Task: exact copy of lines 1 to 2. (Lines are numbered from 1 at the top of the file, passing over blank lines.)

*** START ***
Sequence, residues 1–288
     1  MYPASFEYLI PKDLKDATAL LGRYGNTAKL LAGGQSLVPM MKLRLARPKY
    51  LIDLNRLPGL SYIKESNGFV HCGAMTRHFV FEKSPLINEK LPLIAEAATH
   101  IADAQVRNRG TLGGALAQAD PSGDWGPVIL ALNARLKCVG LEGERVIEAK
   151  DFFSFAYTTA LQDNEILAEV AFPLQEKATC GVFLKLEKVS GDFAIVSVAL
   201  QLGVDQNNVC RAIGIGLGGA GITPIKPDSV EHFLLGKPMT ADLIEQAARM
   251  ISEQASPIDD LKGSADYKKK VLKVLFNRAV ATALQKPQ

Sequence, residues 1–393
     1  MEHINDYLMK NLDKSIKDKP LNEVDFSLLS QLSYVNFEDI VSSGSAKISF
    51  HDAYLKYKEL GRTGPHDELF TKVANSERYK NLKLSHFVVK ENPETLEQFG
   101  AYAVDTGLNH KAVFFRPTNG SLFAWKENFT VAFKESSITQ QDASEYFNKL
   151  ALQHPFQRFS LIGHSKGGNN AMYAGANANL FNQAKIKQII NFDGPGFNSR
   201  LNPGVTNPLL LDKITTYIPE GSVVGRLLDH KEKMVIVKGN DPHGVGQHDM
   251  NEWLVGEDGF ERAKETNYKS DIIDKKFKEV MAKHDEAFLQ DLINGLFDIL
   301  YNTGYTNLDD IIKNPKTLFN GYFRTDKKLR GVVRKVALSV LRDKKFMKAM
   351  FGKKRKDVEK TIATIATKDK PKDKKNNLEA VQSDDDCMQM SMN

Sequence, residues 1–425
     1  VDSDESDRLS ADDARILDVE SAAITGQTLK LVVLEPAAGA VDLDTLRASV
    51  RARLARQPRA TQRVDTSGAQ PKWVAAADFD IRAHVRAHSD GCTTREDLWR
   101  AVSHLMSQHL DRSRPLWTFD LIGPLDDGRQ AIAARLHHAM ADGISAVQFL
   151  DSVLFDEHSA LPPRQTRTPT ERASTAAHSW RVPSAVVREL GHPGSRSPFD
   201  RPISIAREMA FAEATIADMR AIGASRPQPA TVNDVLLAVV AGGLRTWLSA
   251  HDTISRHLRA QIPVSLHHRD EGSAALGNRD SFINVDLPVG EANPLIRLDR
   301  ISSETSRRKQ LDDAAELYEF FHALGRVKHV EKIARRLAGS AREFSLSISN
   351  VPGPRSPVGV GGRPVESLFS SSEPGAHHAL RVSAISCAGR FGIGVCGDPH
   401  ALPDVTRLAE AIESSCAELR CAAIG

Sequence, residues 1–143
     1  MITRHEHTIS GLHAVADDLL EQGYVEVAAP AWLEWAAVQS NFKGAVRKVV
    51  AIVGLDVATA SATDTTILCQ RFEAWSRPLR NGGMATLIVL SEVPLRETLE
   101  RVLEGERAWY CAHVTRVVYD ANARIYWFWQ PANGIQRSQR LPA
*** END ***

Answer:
Sequence, residues 1–288
     1  MYPASFEYLI PKDLKDATAL LGRYGNTAKL LAGGQSLVPM MKLRLARPKY